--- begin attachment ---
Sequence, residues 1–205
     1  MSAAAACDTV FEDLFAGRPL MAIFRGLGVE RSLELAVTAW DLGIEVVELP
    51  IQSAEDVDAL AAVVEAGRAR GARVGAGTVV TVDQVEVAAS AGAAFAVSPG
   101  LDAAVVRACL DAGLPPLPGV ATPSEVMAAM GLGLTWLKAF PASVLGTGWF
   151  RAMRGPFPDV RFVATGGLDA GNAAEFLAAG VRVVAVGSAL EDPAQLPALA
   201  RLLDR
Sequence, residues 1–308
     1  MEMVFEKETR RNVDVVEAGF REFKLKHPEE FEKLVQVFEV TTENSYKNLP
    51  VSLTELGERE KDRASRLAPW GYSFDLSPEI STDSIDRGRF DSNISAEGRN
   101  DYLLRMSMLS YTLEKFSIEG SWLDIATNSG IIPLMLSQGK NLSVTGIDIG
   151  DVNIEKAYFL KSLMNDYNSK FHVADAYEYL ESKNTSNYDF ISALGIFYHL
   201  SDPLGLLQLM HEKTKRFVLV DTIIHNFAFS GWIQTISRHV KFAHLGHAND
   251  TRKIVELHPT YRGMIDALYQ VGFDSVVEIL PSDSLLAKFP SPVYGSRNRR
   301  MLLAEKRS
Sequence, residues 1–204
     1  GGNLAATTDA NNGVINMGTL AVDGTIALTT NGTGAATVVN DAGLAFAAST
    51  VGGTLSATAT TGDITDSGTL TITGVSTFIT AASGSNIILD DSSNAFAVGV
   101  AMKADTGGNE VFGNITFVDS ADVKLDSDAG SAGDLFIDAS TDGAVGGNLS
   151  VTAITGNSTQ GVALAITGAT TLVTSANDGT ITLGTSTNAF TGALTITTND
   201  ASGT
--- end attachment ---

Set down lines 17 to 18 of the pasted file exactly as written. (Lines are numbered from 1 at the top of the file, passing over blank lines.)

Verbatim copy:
    51  VGGTLSATAT TGDITDSGTL TITGVSTFIT AASGSNIILD DSSNAFAVGV
   101  AMKADTGGNE VFGNITFVDS ADVKLDSDAG SAGDLFIDAS TDGAVGGNLS